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RFC2461bis: Empty default router lists [was: RE: Comments for rc 2461bis]


Quoting from S5.2:

   Next-hop determination for a given unicast destination operates as
   follows.  The sender performs a longest prefix match against the
   Prefix List to determine whether the packet's destination is on- or
   off-link.  If the destination is on-link, the next-hop address is the
   same as the packet's destination address.  Otherwise, the sender
   selects a router from the Default Router List (following the rules
   described in Section 6.3.6).

So if there are no routers admitting to be connected to the link and the
prefix list is empty (no routers to fill it), what happens here?  Presumably
the longest prefix match will fail implying that the address is off link.
Hence we have to find a router, but there isn't one.  What do we do with the

With a point-to-point link (like the tunnels) we could just stuff the packet
down the link and hand off the decision to the other end.  For an isolated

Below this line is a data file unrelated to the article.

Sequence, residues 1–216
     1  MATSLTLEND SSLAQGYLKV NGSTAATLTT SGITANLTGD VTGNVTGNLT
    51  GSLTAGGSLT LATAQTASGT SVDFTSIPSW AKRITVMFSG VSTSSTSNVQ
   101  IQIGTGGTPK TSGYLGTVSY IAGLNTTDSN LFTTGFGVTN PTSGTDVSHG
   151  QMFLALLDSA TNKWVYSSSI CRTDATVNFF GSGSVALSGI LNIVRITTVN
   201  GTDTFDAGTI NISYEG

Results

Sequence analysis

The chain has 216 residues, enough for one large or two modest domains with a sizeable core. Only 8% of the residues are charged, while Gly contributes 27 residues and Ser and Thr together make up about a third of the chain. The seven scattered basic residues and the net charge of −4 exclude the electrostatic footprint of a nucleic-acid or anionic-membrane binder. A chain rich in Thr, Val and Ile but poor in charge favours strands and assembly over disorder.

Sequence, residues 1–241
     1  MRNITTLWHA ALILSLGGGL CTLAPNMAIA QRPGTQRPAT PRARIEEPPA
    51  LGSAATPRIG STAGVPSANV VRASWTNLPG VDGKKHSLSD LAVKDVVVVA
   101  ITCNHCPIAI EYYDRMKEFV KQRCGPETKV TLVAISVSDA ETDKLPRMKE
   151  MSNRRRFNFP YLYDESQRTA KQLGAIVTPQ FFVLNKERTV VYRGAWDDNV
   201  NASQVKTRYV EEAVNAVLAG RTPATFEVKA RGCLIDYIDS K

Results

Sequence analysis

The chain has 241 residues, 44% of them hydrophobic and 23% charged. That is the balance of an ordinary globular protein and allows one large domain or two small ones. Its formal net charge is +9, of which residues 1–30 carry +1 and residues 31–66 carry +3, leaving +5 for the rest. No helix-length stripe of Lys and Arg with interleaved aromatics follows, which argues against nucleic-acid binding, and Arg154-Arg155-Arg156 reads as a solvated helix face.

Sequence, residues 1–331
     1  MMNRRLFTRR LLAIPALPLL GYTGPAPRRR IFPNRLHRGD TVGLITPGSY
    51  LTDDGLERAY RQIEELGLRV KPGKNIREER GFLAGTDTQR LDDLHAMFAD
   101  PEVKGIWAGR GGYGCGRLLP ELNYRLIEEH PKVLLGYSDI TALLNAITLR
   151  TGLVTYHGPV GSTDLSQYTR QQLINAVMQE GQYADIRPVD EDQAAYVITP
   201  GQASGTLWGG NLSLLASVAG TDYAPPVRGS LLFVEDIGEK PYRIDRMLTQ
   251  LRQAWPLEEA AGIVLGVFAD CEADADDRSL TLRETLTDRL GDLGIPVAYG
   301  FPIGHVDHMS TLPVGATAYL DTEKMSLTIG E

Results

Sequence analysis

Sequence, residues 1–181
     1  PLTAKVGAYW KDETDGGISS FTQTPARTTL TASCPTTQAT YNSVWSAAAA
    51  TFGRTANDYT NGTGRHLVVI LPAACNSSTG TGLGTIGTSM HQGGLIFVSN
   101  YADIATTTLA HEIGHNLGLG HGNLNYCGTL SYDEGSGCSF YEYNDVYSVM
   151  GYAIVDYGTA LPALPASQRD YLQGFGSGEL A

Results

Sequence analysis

multiaccess link the decision is not so simple: Just having our own address
doesn't allow us to decide whether any other address is on link, so if the
destination is not in the neighbor cache already what do we do? Toss the
packet or assume it is on-link? Being able to configure an on-link prefix
would solve the problem IMO.

Am I missing something here?


Original Message
[S5:  Prefix List:  Having removed the 'assume it is on link' if no routers,
it might be useful to allow a prefix to be inserted into the prefix list by
manual configuration when dealing with a single link net.] 
=> Is this really needed? Isn't enough to be able to configure an address
given that the next hop
determination is based on a longest prefix match? I won't add this unless
you see a reason for it. 
s5.2: It ought to be stated that if the default router list is empty then
off-link unicast packets will have to be dropped and an 'unreachable' ICMP
message sent.[whether the packet ought to have got as far as the interface
processing is a moot point]. 
=>   Hmmm. How does this work in the case where the destination address is
on the other
end of an IPv4 tunnel and there is no default router in the list? This is
why the onlink assumption
was removed. 


Elwyn B Davies

        Routing and Addressing Strategy Prime & IPv6 Core Team Leader
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